Four urban educators — Al Mansoor Helal, Mahmudul Hassan Tareq, Shahinur Selim, and Hasibur Rahman Sohan, all graduates of leading universities — began their journey as Residents in a one-year programme called the School Leadership Residency, in Panchagarh, run by Teach For Bangladesh, in 2018. The Residency was launched with generous financial and logistical support from Gemcon Group, one of the biggest employers in the region. “We have worked with schools in our community for many years, and always sought to bring some qualitative — not just material — benefit to them. This proved difficult as Panchagarh is not where talented teachers from Dhaka are racing to show up,” said K Anis Ahmed, Director and Chief Strategist at Gemcon Group. The Residency programme, he noted, provided a unique solution: “When we were able to bring the Residents to the area and engage them with schools we are connected with, it was a truly exciting and rewarding moment.”
The Residents themselves had different motivations for wanting to relocate to Panchagarh, from the thrill of a unique challenge to genuine curiosity about Bangladesh. One thing they share in common, however, is that they all completed the Teach For Bangladesh Fellowship. This is a competitive two-year programme that enabled them to serve as full-time teachers in low-income primary schools in Dhaka and receive deep pedagogical and leadership training, including a post-graduate diploma in Educational Leadership and School Improvement from the Institute of Educational Development at BRAC University. The Fellowship, an urban programme for now, is designed to spur its alumni to work to reduce Bangladesh’s staggering educational inequity, building the skills and mindsets that served these four well in their remote placement in Panchagarh.
The Residency programme they joined is the brainchild of Teach For Bangladesh’s CEO, Maimuna Ahmad. “The Residency was designed to give urban educators an opportunity they rarely get – to work in deep partnership alongside their rural counterparts,” she said. “It broadens their horizons, pushes them, helps them to see a side of the country that urban youth rarely get exposure to. The experience truly transforms their outlook on Bangladesh and what’s possible for our country.”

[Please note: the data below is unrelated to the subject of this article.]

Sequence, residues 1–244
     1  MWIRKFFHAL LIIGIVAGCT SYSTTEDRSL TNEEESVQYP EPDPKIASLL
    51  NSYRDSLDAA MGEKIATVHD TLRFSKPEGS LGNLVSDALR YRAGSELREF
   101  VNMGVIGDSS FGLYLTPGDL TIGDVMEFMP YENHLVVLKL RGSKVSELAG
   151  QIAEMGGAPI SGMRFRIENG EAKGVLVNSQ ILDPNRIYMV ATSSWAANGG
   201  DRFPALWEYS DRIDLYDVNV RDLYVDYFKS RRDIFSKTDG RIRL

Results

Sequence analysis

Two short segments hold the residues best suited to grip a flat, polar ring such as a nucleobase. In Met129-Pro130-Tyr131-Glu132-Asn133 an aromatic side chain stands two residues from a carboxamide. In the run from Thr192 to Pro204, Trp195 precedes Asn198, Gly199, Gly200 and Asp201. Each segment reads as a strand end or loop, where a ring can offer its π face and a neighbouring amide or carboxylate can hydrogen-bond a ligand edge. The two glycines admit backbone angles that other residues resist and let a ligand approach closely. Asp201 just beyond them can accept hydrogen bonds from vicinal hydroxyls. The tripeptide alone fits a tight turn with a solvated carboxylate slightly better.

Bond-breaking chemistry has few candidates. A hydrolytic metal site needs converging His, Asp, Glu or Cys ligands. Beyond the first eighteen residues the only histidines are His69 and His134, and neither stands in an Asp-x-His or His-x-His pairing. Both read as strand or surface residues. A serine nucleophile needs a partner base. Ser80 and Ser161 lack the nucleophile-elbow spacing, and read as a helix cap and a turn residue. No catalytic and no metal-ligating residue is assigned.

The schools for the Residency were quite remote in fact, a stone’s throw from the border with India, at the heart of communities that are largely based on agriculture. Adults here focus mainly on farming and children are frequently pulled out of classrooms to help out during harvest time. For Residents, the purpose of this immersive year was to learn about the challenges facing remote schools and the students they serve and then work closely with school leaders to develop professional training programmes for teachers.
Far from the bustle of the capital, the Residents worked with four government primary schools, first immersing themselves in the day-to-day lives of their students and communities and working under the direct guidance of the head teachers in this process. After three months of deep community-immersion and a needs analysis for each institution, Residents spent the next seven to eight months designing and running programmes to support the development of each school’s leadership and teaching capacity. The nature of their programmes varied depending on the school’s needs but typical areas of focus were classroom management, designing effective lesson plans and developing teaching materials and expertise in two specific subjects, English and math.
The biggest takeaway from the experience, for the Residents, was internal – the way they think about Bangladesh, the growing needs of rural schools and the broader education system that most children access. Each came away inspired by the dedication and hard work of their colleagues in rural schools. Like educators across the country, they found head teachers highly invested in their students and their students’ futures but held back by the lack of training, resources, and professional development opportunities. The tragedy, they say, is how little the voices of these educators reach the urban quarters where our most important decisions for schools and children are made.